Dues Blues Spur Search for New Revenue
Eight years ago, the Independent Bankers Association of American decided to begin diversifying its income sources. The goal: to become less reliant on dues revenue.
As financial institutions trim memberships to cut costs, their trade associations are coming to the realization that survival may depend on their ability to lessen their dependence on annual membership fees.
"In eight years, we have moved from an almost total dependence on dues to where income from endorsed products and services and royalties from subsidiaries account for $1.5 million," said Kenneth A. Guenther, IBAA's top officer.
The group runs three for-profit subsidiaries and endorses products such as copiers, which the association buys in bulk at a discount for members. In addition to fees for services provided by the credit card, mortgage, and securities subs, IBAA gets a cut of the product discounts.
"With a dues base fairly stable around just less than $4 million, this is what has allowed the IBAA to grow over the past five years," Mr. Guenther said.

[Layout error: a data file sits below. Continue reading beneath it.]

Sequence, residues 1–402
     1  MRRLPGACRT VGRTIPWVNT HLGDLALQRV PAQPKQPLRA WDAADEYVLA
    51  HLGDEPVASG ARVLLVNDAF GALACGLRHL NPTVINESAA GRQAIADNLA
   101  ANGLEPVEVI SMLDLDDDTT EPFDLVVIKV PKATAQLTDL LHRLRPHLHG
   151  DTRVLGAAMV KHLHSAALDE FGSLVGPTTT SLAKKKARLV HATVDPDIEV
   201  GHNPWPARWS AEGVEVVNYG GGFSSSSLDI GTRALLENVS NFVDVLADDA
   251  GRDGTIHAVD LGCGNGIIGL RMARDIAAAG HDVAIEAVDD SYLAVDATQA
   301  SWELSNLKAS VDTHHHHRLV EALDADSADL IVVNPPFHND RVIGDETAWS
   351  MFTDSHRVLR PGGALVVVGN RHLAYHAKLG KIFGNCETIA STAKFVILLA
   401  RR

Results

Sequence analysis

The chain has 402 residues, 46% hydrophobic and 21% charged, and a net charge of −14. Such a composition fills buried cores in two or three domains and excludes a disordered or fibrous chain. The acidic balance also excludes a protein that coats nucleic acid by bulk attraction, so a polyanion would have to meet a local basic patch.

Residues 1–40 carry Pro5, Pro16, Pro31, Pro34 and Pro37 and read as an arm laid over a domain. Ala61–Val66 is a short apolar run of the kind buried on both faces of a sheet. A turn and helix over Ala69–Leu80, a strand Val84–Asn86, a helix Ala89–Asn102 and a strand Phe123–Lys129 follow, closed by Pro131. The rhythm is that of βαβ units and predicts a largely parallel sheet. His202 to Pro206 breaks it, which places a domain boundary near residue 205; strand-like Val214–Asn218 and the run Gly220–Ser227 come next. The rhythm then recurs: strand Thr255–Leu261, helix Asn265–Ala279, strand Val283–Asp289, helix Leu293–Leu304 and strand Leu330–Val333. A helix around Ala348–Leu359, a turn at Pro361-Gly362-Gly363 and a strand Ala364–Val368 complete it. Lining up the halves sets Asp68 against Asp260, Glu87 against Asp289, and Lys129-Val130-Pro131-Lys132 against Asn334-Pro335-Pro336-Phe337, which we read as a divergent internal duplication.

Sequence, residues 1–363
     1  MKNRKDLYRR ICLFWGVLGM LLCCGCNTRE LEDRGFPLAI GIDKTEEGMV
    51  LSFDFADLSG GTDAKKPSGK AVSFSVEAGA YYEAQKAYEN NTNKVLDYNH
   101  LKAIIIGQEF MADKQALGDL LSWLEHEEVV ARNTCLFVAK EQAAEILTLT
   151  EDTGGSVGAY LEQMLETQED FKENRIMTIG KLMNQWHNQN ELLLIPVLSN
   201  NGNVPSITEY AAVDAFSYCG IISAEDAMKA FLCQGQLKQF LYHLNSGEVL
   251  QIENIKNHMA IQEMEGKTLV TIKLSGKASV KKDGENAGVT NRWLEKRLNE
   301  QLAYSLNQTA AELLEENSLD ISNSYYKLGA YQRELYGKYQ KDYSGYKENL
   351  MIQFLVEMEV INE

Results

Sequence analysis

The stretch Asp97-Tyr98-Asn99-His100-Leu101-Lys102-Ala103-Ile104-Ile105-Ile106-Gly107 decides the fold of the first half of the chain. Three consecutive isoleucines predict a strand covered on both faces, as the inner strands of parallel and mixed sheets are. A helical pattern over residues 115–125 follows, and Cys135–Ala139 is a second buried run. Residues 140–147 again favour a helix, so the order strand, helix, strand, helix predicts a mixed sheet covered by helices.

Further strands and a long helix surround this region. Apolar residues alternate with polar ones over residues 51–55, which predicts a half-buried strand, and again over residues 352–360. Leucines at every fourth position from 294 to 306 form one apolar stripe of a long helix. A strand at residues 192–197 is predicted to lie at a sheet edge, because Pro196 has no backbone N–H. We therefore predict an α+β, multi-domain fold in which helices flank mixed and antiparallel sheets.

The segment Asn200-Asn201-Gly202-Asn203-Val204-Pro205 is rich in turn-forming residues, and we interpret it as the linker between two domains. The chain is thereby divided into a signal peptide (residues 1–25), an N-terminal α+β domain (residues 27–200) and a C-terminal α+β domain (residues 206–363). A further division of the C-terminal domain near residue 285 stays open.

Leading the Way
The groups that have been most successful in decreasing reliance on dues are the Mortgage Bankers Association, which gets just 28% of its $19.4 million in revenues from dues, and the Credit Union National Association, which gets 29% of its $23.5 million from dues.
"It has been our long-term strategy to become less dependent on dues and more on products and services upon which a fee can be charged," said Jerome Rather, CUNA's controller.
CUNA made $3 million on conferences and seminars in 1990 and another $1.5 million from subscriptions to and advertising in its publications.
The group also owns 34% of a for-profit company that provides members with financial services such as credit card processing and check cleaning. That subsidiary paid CUNA $550,000 last year.
The Consumer Bankers and American Bankers associations come in third and fourth in the dues-to-revenues sweepstakes, with 39% and 40%, respectively.
The groups most dependent on dues are the Association of Financial Services Holding Companies, which gets 97% of its $507,765 in revenue from dues, the Financial Services Council at 94%, and the Association of Bank Holding Companies at 88%.
The U.S. League of Savings Institutions had whittled its dues reliance to 43% of revenues in 1987, but by 1989 that figure had jumped 8% to 51%. Unlike the IBAA, the league's subsidiaries are losing money.